capacity of the kidney may be anticipated, one or the other of the various plastic operations on the pelvis of the kidney or at the uretero-pelvic juncture have proved most satisfactory in many instances. However, in five to 10 per cent of the cases in which a plastic
operation has been done, a satisfactory result has not been obtained and because of persisting infection or inadequate drainage of the kidney subsequent nephrectomy has been
Metastatic Cortical Abscess with Perinephritic Suppuration.—Multiple cortical abscesses of one or both kidneys are not infrequently encountered in some of the acute fulminating types of generalized infection. Likewise cortical abscesses are at times encountered in the acute obstructive lesions of the upper urinary tract in the presence of infection, particularly by stone. These are all of interest, however, their clinical recognition
is not difficult. The cortical abscess to which I desire briefly to refer is that which fails to
resolve but involves perirenal structure with the development of a perinephritic abscess,
to the exclusion of those instances of perinephritic abscess secondary to renal tuberculosis,
pyonephrosis and definitely ascertainable intrarenal disease. I have reference to that particular type of perinephritic abscess which develops secondary to a metastatic cortical
abscess of the kidney in which the primary infection was a superficial one of the skin,
usually a series of boils, a carbuncle, or a superficial infection which had occurred weeks
or months previously and in many instances had healed and had been entirely forgottten.
The clinical manifestations are those of fever persisting for days or weeks, leucocytosis
of 12,000 to 20,000, often dull ache in the kidney area or under the costal margin. Physical examination usually discloses nothing except in some instances suggestive or slight
tenderness in the kidney area. A strikingly uniform observation has been the absence in
most cases of any positive findings on urologic examination. There usually is an absence
of microscopic cellular elements in the urine, for not unless a cortical abscess communicates with the pelvis or a calix, which seldom if ever occurs, do pus or blood cells appear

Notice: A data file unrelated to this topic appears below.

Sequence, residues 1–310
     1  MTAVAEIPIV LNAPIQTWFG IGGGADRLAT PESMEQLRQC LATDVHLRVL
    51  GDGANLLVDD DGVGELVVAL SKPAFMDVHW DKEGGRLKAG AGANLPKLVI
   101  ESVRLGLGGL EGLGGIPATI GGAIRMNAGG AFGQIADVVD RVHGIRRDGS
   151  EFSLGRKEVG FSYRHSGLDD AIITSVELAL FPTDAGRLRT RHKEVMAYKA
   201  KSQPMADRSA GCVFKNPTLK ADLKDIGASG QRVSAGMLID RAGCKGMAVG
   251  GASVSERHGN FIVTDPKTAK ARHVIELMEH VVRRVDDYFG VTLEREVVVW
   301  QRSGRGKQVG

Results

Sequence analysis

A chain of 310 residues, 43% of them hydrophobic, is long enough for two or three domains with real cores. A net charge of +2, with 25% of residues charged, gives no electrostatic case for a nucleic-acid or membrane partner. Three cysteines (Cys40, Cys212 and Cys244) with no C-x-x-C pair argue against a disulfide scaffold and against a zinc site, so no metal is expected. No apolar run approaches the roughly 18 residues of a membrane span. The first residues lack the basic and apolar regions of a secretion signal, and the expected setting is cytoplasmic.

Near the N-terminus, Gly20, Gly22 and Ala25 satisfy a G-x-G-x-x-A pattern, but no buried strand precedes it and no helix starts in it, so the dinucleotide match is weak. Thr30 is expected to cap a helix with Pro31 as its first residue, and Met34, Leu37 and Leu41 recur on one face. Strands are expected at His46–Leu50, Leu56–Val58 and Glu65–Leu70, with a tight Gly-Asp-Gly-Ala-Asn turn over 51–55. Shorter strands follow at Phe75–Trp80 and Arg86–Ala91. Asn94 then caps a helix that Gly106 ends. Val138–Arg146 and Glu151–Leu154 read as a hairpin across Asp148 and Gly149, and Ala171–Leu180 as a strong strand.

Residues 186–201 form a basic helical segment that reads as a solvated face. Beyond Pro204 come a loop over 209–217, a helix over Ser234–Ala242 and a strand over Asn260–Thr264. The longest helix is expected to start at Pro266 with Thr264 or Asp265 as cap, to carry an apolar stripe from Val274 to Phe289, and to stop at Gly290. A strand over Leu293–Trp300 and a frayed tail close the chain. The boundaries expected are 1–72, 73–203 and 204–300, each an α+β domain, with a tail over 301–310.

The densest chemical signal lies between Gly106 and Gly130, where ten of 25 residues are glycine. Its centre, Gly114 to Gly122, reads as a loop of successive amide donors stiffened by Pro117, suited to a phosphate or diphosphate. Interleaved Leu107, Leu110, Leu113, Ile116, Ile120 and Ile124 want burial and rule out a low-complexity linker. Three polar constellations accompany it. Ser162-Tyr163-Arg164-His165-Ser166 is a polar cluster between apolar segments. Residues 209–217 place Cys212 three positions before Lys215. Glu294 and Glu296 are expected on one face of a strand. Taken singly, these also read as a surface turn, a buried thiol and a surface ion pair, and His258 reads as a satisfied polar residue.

in the urine. Pyelographic examination of the kidneys likewise is usually negative and
were one to rely upon urologic data the diagnosis is not evident.   A pWratfe finding in the
Page 44 majority of instances is the absence in the roentgenogram of a clear outline of the outer
margin of the psoas muscle in the presence of a perinephritic abscess.
I have presented this subject for the purpose of directing attention to the necessity of
carrying in mind this very distinct clinical entity which is characterized usually by an
absence of signs and symptoms on which one may rely but presents diagnostic problems
which may be readily solved by developing a sequence of events emanating from superficial infections existing weeks or months previously. I would emphasize the statement
that a very definite relationship exists between superficial infection, such as furuncles,
carbuncles, paronychia: and so forth, and the subsequent development of cortical abscess
and perinephritic suppuration. The latter should always receive due consideration if there
is unexplainable septic fever and leucocytosis with or without localization of pain or tenderness. The diagnosis usually is made not on the indeterminate evidence at hand at the
moment but on the knowledge of the relationship of the present indeterminate evidence
as to what the patient had and apparently recovered from weeks or months previously.
"Absolute Accuracy'I
In filling the eye physician's prescription, nothing short
of absolute precision will saJpfy us.
We take a pride in maintaining
Guild standards to the utmost.
Dispensing Opticians
631 Birks Bldg., Vancouver, B. C
M   Palatable"   ;gi|
Your patients will cooperate willingly
when delightfully palatable Petrolagar is
prescribed in the treatment of constipation. May we suggest that you taste
Petrolagar and note the pleasant flavor.
Petrolagar is a mechanical emulsion of
liquid petrolatum (65% by volume)
and agar-agar.
Samples free on request
Petrolagar Laboratories of Canada, Ltd.
364 Argyle Road
Walkerville, Ontario
that really are nicer
300 WEST
Page 45 2   ^i4 Service to the Profession ||11
FOR some while the Medical Profession has felt the need of a local
institution giving treatments in COLONIC IRRIGATION.
COLONIC IRRIGATIONS are valuable in such cases as Constipation,